Traditionally, four port cities each play host to four-day celebrations to welcome the Tall Ships and their crews, and days later to bid them farewell. An exciting festival program includes all manner of cultural activities—from concerts, dance performances, and circus acts to amusement park rides and fireworks displays, with the highlights being the awards ceremonies, crew parade, and the Parade of Sail.

This year’s races kicked off at Sunderland’s bustling harbor in the northeast of England, where a total of 53 Tall Ships showed off their elegant sails and navigating prowess. The first leg of the race headed for Esbjerg, Denmark, then all ships sailed in cruise-in-company style toward Stavanger, Norway. Cruise-in-company is the noncompetitive stage that allows crews time to relax, get acquainted, and take in the stunning seascapes at leisure, before embarking on the second and final leg from Stavanger to Harlingen in the Netherlands. All in all, the races covered over one thousand nautical miles.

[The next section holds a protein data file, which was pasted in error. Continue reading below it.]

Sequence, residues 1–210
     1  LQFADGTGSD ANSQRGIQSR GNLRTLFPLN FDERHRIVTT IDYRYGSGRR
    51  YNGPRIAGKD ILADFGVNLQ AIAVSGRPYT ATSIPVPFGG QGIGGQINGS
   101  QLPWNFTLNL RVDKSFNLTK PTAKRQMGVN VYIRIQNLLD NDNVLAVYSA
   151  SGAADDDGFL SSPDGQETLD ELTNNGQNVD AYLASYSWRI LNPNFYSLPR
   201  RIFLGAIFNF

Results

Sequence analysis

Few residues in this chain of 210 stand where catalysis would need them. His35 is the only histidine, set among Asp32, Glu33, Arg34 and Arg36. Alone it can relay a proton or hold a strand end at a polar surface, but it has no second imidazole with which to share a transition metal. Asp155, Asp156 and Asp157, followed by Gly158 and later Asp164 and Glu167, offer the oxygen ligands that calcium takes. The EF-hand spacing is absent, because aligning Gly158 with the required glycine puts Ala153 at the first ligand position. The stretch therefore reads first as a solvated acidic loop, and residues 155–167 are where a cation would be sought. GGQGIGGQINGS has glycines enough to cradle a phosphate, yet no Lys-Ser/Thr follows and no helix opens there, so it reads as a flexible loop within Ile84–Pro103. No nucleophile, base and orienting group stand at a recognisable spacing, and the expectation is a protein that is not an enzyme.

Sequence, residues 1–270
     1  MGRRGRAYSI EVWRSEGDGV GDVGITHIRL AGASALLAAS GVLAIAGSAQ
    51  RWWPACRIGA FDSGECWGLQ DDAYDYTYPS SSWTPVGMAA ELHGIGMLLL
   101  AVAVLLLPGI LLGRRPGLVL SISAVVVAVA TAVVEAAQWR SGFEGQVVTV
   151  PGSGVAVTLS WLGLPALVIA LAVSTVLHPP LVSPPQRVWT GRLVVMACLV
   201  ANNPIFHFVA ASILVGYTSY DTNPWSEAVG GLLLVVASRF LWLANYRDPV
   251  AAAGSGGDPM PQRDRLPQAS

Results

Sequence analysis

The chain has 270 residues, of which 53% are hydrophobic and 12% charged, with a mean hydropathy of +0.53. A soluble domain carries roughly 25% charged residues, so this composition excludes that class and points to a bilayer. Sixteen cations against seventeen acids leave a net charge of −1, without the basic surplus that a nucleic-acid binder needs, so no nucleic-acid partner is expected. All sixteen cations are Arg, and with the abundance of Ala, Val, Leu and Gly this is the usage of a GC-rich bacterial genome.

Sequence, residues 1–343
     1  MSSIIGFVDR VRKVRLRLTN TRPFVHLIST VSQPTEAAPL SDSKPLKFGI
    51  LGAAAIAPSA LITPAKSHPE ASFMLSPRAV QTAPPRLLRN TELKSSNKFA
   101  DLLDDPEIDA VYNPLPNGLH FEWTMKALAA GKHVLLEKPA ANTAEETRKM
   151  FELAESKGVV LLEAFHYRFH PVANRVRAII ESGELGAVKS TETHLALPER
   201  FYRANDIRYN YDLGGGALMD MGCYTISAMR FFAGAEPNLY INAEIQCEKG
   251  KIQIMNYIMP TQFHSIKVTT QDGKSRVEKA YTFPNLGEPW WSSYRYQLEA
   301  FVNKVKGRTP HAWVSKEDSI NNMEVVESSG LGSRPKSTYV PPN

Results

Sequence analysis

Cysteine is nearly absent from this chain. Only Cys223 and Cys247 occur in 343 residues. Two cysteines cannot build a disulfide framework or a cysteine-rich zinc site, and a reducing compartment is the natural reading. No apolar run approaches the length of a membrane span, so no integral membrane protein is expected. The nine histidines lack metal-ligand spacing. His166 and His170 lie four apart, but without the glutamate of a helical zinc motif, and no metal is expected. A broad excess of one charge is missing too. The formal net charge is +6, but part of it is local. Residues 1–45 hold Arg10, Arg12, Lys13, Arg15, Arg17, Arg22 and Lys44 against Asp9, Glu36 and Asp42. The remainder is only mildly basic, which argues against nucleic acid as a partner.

Sunderland: Each host port has its own character and maritime heritage, and Sunderland, located in England’s northeast, is no exception. It was once the largest shipbuilding town in the world, and is now a busy port with a bustling town center. This ancient coastal city also boasts a multi-award-winning coastline comprising the Seaburn and Roker beaches next door to the port along the mouth of the River Wear.

Photo by Graham Peacock

In 2017, Sunderland celebrated its 300th anniversary as a community with a shipbuilding history that goes back to the 1300s. Its maritime history, harbor, and excellent facilities make it a fitting starting point for the Tall Ships Races, which it hosted for the very first time this year with great success. Sunderland also makes an ideal base from which to explore the sweeping beaches of Northumberland, the Northumberland National Park, the Pennines, Hadrian’s Wall, and the jewel in the region’s crown—the imposing Bamburgh Castle.